Auto Body Shops Pollution Prevention Guide
#2 - Getting Started
How do you start preventing pollution in your shop? Pollution prevention begins by thoroughly understanding your shop operation: the processes that are used, the materials that are purchased, and the waste that is generated. This can be done by designing a Pollution Prevention Program. Basically, a Pollution Prevention Program describes your shop's waste streams, suggested ways to prevent pollution, and implementation strategies and schedules. The basic principles of designing a Pollution Prevention Program are outlined in the figure on the left.
1 - Top Management Commitment
You must have a commitment from shop management from the beginning to prevent pollution and to encourage all employees to participate in the Pollution Prevention Program. A written statement is often the most effective evidence of this commitment. Once you have guaranteed support from upper management, you have to get all your co-workers committed to preventing pollution. It may help to set up a training program that addresses source reduction, reuse, recycling, hazardous material recognition and handling, and emergency response. And as a way to encourage employee input, cooperation, and support, create an incentive program that rewards co-workers for their input and participation.
2 - Select An Assessment Team
Once you have the commitment from upper management and your co-workers, consider who will investigate the pollution prevention opportunities in your shop. A Pollution Prevention Program can be designed and implemented by a single employee, a team of employees, or an outside consultant. The team approach is highly recommended not only because it is cheaper than hiring a consultant, but because each member brings to the team a unique perspective and knowledge about what goes on in the shop. Your pollution prevention team might include upper management, mechanics, painters, clerical, custodial, and outside personnel (sanitation workers, local recyclers, suppliers, government agencies, etc.). Next, your team should establish a set of goals for the Pollution Prevention Program. For example, a goal could be to eliminate the use of aerosol containers within a two-year period. Don't forget to periodically review and update these goals. It is also the job of the pollution prevention team to encourage employee participation and increase awareness of your pollution prevention efforts. Keeping everyone informed can help ease the natural resistance to change.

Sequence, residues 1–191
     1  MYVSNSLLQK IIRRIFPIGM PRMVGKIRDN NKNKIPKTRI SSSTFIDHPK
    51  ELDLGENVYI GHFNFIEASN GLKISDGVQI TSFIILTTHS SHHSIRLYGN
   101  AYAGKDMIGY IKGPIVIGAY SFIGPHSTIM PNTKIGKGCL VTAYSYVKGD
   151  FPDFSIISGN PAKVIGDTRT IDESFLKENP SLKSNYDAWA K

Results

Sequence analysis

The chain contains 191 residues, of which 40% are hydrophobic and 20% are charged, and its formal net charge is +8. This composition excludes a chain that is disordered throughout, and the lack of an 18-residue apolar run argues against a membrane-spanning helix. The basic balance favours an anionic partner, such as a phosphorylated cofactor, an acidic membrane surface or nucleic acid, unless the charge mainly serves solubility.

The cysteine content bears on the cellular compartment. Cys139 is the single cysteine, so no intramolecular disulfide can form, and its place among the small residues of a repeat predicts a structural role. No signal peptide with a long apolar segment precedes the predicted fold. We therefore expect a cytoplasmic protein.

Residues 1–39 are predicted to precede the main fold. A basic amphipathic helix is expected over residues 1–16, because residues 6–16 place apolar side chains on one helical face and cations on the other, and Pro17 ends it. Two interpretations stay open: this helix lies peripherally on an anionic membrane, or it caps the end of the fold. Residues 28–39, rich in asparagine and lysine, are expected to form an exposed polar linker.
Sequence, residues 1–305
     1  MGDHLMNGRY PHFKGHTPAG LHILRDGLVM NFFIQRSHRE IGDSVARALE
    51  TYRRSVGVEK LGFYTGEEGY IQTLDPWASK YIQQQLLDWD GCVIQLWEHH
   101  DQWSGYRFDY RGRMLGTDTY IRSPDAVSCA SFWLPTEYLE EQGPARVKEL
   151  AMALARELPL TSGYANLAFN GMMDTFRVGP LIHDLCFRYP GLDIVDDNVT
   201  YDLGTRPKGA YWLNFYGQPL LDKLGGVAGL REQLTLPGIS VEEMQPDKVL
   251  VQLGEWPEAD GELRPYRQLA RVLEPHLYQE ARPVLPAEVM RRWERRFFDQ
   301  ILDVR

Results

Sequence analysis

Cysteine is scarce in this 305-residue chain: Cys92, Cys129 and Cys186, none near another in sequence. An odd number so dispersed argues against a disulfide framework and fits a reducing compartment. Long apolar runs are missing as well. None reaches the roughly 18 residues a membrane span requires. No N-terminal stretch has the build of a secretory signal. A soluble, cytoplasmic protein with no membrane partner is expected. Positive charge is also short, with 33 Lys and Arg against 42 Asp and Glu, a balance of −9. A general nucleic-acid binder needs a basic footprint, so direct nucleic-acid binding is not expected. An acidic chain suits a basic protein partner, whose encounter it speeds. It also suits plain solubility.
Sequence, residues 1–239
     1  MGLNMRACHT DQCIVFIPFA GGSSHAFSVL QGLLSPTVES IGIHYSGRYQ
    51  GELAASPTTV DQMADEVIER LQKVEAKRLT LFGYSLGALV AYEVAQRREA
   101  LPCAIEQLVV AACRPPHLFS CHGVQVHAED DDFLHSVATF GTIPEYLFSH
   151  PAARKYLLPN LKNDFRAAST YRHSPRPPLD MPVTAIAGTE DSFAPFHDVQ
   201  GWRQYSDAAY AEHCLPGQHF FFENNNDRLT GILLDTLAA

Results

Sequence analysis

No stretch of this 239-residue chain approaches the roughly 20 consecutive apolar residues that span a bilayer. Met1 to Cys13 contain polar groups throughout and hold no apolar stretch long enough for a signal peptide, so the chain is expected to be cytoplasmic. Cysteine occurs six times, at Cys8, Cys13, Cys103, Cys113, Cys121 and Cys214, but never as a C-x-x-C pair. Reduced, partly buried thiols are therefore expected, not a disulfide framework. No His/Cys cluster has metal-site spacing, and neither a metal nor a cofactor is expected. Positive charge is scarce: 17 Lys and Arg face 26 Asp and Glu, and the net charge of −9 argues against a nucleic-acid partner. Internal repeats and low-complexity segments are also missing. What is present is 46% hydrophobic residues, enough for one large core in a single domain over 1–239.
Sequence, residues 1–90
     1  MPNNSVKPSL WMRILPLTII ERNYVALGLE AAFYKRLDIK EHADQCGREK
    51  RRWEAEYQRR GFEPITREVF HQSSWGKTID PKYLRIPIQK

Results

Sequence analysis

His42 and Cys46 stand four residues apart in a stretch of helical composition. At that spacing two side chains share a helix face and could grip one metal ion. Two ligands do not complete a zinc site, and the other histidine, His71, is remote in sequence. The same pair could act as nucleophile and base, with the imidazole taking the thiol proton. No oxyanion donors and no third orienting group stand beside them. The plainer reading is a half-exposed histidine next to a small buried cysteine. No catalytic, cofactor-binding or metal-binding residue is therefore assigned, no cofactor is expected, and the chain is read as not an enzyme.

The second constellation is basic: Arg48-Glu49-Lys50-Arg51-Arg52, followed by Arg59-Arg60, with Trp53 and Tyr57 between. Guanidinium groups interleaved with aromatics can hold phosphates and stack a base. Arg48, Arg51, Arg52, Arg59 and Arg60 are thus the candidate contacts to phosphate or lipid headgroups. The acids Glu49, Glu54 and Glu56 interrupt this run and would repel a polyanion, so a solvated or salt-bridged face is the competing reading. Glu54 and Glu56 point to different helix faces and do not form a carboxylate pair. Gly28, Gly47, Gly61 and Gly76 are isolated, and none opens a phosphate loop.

3 - Identify And Assess Pollution Prevention Opportunities
The next step is to use this guide to help you and your team identify:
- The types of materials used in your shop
- The processes that go on
- The activities that generate waste (remember, waste could be employee's time, air pollution, wastewater, energy loss, and non-hazardous and hazardous waste)
- The types and amounts of waste generated
- Economic feasibility
- Liability and Worker's Compensation
- Regulatory requirements
- Technical feasibility of switching to the alternative
- Reuse and recycling opportunities
- Disposal options (Pollution Prevention: A Guide to Program Implementation, 1993).
4 - Implement Changes
With your assessment team's pollution prevention ideas evaluated and identified, you can now focus on implementing them. Start by developing an implementation plan that discusses:
- What pollution prevention ideas will be used
- The costs associated with these ideas
- The payback period for each idea
- When these changes will occur
- A schedule for evaluating the entire Pollution Prevention Program
When you begin to implement your team's pollution prevention ideas, start with easy, low-cost, people-oriented changes. For example, good housekeeping can be the easiest and often the cheapest way to minimize waste and improve your shop's image with customers and employees. Good housekeeping includes keeping your reception and work areas clean, labeling containers, fixing leaks, and cleaning up spills right away. You may also find it easier to implement a few pollution prevention ideas at a time, especially if you are working on a tight budget. Keep track of how your pollution prevention plan works, noting what was successful and what was not. Be sure to notify all your co-workers when implementing pollution prevention ideas. It is very important to keep everyone informed about when you will be making a change, how the changes will affect them, and how your program is progressing. As a way of introducing new techniques or methods to your co-workers, consider holding pollution prevention training sessions.
5 - Evaluate And Modify
After your Pollution Prevention Program has been in place for a period of time, it is a good idea to evaluate its successes and failures. Compare costs before and after you implemented your program. You can consider your program a success if you have, for example, saved money, reduced the amount of waste generated, or reduced on-the-job injuries. If some ideas did not work, get your assessment team together to come up with some solutions (Pollution Prevention: A Guide to Program Implementation, 1993). As indicated in Figure 1, pollution prevention is a continuous process, therefore you can evaluate and modify your Pollution Prevention Program at any time. If you modify your program, remember to notify your co-workers whenever there is a change that might affect them. It is also a good idea to go back to the beginning of the program process and recommit upper management to the new program and ideas.
As you complete each step in the Pollution Prevention Program planning
process, check it off the following list.
Pollution Prevention Program Checklist
#1 - Top Management Commitment
#2 - Select An Assessment Team
#3 - Identify and Assess Pollution Prevention Opportunities
#4 - Implement Pollution Prevention Ideas
#5 - Evaluate and Modify the Program